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Perineal Tear With Delivery

WHAT YOU NEED TO KNOW:

What is a perineal tear?

A perineal tear can occur during vaginal delivery. The perineum is the area that includes your vagina and anus. There are 4 different types of perineal tears that may occur during delivery.

  • A first degree tear is a tear of the perineal skin only.
  • A second degree tear involves the perineal muscles.
  • A third degree tear extends into the anal sphincter (the muscle that surrounds your anus).
  • A fourth degree tear involves the anal sphincter and the tissue underneath it.

What increases my risk for a perineal tear?

There is no way to know if you will have a perineal tear during delivery. Your risk may be increased if it is your first vaginal birth or you deliver a large baby. Your risk is also greater if your baby is in a position other than the usual head-down position during delivery. Your risk may also be increased if you have had a perineal tear during a previous vaginal delivery.

How is a perineal tear treated and managed?

First or second degree tears may require a few stitches. Third or fourth degree tears will require surgery to repair damage to the anal sphincter and tissues underneath. You may need pain medicine to decrease pain. You may need to take laxatives or stool softeners to make it easier for you to have a bowel movement. This can help decrease pain during bowel movements.

How is a perineal tear managed at home?

  • Apply ice on your perineum for 15 to 20 minutes every hour or as directed. Use an ice pack, or put crushed ice in a plastic bag. Cover it with a towel. Ice helps prevent tissue damage and decreases swelling and pain.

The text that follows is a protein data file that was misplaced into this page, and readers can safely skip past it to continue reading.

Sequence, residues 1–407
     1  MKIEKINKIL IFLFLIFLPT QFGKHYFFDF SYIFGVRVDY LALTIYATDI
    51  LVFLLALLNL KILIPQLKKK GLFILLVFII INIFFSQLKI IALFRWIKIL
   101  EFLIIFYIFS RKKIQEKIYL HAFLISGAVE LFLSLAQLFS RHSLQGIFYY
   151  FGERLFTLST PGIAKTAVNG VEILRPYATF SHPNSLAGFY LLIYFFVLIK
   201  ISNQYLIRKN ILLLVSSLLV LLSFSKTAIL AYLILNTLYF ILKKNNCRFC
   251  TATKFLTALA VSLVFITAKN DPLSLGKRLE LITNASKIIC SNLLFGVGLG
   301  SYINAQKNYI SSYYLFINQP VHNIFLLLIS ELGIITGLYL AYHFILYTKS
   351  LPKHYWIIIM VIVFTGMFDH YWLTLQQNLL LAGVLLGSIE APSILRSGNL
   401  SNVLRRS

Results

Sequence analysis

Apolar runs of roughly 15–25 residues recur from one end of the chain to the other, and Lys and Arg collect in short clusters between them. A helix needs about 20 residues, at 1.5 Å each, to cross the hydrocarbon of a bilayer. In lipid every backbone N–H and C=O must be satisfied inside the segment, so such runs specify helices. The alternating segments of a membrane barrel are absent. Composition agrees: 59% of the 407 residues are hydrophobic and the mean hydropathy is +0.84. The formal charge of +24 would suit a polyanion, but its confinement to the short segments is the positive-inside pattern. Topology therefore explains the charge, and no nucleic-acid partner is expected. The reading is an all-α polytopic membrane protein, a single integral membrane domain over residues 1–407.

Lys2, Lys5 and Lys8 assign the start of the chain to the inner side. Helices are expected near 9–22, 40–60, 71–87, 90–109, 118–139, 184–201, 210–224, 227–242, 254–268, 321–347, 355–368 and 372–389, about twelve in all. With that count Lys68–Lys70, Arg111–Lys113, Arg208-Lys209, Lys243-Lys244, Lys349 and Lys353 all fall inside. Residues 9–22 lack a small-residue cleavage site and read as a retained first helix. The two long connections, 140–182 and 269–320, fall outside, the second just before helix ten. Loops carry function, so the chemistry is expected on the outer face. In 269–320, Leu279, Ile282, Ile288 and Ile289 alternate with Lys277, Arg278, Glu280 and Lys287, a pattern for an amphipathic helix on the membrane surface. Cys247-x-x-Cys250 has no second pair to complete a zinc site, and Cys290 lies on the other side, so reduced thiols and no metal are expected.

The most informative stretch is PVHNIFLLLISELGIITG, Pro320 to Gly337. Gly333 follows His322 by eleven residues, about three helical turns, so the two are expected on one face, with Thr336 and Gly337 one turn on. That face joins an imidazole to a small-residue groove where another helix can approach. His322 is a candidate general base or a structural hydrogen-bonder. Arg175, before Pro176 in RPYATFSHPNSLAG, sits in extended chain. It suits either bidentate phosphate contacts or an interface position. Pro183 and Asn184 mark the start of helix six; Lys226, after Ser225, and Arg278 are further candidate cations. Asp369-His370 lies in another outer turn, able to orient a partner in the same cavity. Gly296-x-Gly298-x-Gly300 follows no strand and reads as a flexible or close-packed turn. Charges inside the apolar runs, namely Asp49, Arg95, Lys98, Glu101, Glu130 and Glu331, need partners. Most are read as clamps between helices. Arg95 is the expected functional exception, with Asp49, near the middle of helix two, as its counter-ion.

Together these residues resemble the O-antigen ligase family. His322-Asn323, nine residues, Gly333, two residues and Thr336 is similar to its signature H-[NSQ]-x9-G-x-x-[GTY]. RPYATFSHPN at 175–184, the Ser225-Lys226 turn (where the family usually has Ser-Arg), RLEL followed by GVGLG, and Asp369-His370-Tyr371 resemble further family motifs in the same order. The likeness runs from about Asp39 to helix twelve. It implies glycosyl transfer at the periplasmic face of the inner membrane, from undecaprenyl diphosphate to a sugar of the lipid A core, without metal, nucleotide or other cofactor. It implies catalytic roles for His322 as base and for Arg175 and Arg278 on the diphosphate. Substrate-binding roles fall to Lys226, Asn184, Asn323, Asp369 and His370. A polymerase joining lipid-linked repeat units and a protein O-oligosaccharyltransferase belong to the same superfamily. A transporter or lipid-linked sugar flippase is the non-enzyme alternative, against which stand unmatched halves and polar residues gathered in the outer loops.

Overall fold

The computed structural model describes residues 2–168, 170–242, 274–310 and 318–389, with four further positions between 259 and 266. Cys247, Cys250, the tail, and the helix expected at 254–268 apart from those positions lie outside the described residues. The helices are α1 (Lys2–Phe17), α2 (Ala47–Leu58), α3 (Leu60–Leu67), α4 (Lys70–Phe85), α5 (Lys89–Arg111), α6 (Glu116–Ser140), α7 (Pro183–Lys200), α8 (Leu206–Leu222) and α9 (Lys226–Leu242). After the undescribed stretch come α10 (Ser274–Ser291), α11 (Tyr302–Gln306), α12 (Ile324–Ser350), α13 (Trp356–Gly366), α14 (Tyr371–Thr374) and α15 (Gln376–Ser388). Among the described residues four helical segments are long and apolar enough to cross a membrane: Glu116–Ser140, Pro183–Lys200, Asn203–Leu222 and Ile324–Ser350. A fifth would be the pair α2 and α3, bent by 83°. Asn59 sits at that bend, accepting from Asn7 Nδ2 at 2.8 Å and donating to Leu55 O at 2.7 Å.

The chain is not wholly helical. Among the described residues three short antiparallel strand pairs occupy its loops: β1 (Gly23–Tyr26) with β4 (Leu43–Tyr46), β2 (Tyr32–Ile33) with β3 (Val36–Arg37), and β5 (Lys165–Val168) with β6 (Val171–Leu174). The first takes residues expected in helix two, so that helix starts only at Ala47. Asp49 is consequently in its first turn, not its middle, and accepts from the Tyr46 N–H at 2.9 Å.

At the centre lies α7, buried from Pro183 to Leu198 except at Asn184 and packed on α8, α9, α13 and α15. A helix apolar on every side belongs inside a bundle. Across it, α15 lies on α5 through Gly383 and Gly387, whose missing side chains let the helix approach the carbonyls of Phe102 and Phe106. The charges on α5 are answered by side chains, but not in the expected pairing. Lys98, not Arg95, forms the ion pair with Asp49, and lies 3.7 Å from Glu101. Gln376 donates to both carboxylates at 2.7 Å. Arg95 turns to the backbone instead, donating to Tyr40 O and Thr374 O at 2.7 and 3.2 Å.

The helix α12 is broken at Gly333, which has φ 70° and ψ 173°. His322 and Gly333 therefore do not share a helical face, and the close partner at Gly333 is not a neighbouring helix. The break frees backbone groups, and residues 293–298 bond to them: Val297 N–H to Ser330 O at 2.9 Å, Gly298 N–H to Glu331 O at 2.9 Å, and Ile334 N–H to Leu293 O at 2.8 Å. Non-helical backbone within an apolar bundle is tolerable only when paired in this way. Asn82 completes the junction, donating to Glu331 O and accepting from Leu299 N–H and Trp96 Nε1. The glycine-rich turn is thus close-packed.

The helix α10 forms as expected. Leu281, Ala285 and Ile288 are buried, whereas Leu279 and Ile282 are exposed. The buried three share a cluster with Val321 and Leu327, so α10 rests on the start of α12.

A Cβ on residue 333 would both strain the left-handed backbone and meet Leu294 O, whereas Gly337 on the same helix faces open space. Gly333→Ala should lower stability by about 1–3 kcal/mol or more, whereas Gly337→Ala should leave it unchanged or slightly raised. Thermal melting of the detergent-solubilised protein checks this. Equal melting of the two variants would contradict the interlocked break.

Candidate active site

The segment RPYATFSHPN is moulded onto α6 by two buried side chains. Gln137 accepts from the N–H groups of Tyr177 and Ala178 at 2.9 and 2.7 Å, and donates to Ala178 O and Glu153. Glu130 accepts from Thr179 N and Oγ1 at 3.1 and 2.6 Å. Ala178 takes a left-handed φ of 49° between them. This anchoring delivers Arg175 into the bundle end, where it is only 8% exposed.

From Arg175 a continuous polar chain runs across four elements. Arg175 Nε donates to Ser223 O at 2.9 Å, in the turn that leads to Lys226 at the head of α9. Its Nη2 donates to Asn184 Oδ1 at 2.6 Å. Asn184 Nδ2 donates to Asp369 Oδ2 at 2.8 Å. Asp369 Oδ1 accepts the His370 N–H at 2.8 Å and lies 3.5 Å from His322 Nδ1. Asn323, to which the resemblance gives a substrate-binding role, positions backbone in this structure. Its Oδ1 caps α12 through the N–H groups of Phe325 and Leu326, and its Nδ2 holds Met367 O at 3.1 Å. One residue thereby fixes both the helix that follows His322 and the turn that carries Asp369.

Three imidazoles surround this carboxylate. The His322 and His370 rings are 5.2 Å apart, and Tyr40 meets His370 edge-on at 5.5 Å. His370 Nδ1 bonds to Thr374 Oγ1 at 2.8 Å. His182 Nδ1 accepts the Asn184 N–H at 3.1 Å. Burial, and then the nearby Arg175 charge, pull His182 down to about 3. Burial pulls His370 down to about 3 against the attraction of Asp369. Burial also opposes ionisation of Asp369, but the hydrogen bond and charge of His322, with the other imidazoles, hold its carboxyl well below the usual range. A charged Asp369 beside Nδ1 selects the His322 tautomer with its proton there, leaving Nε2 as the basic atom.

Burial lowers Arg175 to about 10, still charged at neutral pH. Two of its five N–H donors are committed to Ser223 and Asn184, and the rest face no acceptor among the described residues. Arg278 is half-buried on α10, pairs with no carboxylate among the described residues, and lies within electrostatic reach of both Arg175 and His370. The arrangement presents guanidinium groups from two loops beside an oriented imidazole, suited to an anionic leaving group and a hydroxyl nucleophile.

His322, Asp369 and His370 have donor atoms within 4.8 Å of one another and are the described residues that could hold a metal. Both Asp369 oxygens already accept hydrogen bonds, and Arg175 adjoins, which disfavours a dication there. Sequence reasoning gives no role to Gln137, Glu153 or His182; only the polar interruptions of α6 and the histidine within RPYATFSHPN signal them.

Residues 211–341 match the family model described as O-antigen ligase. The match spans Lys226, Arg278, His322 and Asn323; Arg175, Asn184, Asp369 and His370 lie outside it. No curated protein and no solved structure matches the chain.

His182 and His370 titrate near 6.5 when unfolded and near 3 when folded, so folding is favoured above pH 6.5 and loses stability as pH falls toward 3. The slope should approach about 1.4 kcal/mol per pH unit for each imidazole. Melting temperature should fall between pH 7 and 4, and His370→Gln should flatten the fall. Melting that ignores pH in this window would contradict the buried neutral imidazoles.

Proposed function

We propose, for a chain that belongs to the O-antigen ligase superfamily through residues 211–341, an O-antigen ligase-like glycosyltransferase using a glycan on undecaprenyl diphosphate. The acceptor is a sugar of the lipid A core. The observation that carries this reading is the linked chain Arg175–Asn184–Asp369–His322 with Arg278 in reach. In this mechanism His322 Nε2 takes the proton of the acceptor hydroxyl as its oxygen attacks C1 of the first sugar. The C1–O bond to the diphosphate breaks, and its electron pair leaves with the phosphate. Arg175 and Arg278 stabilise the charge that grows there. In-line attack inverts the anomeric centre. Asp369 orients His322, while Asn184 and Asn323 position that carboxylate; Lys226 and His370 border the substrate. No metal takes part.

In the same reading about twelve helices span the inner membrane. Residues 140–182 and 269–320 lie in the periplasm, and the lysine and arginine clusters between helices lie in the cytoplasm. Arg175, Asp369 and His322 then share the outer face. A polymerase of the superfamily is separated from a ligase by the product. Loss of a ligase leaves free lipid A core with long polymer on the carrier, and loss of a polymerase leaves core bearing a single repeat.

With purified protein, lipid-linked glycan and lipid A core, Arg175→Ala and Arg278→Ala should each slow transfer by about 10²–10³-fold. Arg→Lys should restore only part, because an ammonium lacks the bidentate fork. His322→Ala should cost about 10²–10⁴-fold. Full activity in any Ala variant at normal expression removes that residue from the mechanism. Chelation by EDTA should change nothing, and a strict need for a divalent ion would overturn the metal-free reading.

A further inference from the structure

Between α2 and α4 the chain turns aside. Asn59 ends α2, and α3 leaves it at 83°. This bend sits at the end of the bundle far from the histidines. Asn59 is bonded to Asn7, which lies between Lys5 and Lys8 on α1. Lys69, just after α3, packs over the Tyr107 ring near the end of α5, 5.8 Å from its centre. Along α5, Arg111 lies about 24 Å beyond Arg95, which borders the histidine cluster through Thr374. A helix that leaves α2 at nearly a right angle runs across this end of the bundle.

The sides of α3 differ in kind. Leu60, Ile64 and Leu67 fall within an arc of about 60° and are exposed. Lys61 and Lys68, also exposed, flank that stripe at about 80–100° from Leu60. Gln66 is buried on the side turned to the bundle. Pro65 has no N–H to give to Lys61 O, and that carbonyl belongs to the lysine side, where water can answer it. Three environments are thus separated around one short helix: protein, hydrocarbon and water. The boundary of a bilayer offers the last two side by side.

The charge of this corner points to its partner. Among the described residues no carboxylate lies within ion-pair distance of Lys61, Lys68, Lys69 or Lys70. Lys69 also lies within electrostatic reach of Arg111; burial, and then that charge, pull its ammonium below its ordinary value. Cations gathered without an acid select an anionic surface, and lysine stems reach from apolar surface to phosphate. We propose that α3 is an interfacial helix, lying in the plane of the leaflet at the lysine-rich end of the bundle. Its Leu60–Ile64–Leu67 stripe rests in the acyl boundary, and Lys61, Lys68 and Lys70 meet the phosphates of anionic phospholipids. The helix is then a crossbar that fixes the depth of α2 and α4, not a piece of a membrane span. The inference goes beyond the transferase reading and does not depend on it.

• Keep your perineum clean and dry. Wash your perineum gently with soap and water. Rinse your perineum and pat dry with a soft, clean towel.
  • Change your sanitary pad regularly. Wash your hands well before and after you change your sanitary pad.
  • Ask about pelvic floor exercises. Your healthcare provider may recommend that you do these exercises within 7 days of delivery.

When should I contact my healthcare provider?

  • You have a fever of 100.4°F (38°C) or higher.
  • You have increased pain.
  • You have increased discharge that has changed color or smells bad.
  • You have increased swelling.
  • You have questions or concerns about your condition or care.

Care Agreement

You have the right to help plan your care. Learn about your health condition and how it may be treated. Discuss treatment options with your caregivers to decide what care you want to receive. You always have the right to refuse treatment. The above information is an educational aid only. It is not intended as medical advice for individual conditions or treatments. Talk to your doctor, nurse or pharmacist before following any medical regimen to see if it is safe and effective for you.

© 2016 Truven Health Analytics Inc. Information is for End User's use only and may not be sold, redistributed or otherwise used for commercial purposes. All illustrations and images included in CareNotes® are the copyrighted property of A.D.A.M., Inc. or Truven Health Analytics.

The above information is an educational aid only. It is not intended as medical advice for individual conditions or treatments. Talk to your doctor, nurse or pharmacist before following any medical regimen to see if it is safe and effective for you.

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